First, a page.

click-clack industrial with a much lighter, much more subtle touch than Mr. Reznor or any
of his American counterparts will ever know. The Notwist pull themselves away from their
German colleagues by infusing a clearly industrial, mechanical rock sound with something
that distinctively resembles a heart -- an uncomfortable human trait that was always
distantly lacking from other Krautrock outfits. They say they pay homage to London '80s
synth-pop/new wave darlings Talk Talk, but sonically, they more closely resemble American
post-punks like Sonic Youth. And then there's the American jazz influence, which is
inflected throughout the instrumental tracks, such as the horn-laced "Moron."
The basic recipe consists of sampled rhythm tracks full of electronic blips, bleeps,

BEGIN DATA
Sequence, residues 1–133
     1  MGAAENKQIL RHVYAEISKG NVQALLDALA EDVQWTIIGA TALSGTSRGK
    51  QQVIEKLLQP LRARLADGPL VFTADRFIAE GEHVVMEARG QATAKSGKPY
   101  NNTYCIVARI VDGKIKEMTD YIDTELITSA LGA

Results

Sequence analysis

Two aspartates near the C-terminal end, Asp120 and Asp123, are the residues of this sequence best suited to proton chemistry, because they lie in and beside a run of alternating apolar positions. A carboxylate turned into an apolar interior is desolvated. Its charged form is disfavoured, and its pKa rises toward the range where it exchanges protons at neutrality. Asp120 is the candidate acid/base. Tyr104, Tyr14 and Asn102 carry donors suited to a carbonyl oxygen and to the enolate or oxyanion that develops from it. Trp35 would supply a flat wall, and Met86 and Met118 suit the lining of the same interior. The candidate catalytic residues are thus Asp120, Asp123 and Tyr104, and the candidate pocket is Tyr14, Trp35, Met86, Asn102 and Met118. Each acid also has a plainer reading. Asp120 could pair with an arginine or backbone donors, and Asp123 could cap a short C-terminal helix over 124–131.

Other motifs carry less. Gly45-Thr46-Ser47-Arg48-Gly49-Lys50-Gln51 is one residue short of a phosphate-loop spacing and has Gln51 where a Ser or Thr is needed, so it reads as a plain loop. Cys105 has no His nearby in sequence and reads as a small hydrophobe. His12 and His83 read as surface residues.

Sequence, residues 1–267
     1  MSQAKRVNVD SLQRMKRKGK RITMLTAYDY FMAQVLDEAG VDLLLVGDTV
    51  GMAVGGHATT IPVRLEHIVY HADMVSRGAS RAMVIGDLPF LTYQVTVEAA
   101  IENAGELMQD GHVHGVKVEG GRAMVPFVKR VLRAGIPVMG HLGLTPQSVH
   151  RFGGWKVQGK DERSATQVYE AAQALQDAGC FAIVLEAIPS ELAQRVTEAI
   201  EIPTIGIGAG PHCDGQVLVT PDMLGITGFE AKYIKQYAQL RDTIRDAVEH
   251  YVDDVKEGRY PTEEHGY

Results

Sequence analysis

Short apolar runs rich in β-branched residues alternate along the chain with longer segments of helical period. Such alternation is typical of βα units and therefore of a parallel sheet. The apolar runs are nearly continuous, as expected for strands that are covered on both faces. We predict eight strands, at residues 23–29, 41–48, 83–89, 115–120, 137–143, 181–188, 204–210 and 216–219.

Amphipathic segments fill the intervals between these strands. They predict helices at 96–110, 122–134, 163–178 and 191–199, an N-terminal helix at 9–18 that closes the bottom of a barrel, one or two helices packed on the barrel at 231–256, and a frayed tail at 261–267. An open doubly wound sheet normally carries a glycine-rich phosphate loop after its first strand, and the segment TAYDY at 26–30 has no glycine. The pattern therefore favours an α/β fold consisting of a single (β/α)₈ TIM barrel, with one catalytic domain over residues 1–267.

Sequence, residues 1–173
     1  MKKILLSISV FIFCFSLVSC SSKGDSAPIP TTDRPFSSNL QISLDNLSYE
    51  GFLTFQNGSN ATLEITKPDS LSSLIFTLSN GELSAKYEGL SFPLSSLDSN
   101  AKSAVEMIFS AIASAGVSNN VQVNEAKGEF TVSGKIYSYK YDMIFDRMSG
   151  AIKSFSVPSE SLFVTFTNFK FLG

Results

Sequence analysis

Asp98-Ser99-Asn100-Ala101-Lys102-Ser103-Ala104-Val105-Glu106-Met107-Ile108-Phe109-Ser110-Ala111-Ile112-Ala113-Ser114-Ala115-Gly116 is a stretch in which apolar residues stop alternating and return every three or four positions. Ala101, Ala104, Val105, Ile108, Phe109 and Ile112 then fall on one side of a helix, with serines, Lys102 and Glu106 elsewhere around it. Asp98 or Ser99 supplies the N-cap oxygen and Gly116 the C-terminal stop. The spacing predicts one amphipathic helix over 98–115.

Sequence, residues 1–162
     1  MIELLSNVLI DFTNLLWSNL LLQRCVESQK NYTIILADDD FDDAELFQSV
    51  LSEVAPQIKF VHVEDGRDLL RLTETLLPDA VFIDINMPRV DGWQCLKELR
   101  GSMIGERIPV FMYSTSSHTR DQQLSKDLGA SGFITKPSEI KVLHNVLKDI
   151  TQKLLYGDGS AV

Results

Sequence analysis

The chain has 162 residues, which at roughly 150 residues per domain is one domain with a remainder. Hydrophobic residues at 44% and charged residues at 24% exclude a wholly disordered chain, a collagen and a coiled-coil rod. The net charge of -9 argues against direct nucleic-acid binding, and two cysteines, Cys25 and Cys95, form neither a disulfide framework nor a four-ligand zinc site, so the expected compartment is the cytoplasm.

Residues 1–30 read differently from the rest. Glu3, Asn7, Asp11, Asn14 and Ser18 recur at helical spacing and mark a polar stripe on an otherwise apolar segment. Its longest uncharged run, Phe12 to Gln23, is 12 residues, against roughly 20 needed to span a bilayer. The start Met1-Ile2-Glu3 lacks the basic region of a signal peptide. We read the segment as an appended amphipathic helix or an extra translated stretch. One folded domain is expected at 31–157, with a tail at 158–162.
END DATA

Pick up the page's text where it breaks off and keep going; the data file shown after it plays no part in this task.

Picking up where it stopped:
snaps, pops and odd-sounding farts. Next, layer over a slacker-styled jangle-pop guitar,
the occasional keyboard and Markus Acher's rather droll, flat and careless vocals. As you
might imagine, the lyrics can be stark, oblique. On "Chemicals," the CD's
high-water mark, Acher almost laments, "Chemicals will hit you / Chemicals will knock
you down." On the haunting, hip-hoppish "No Encores," Acher groans, "but
you've never known me," like someone who's trying convince himself that he's better
off without her. Unlike other recent underground CDs that include a number of
instrumentals, the Notwist non-vocal numbers are always interesting, thanks to a
remarkable brass line, chiming vibraphone or funky kick drum that reminds me of the best
tracks by 18th Dye. It's all very moody, very atmospheric and very, very good.
Copyright © 1999 Tim McMahan. All rights reserved.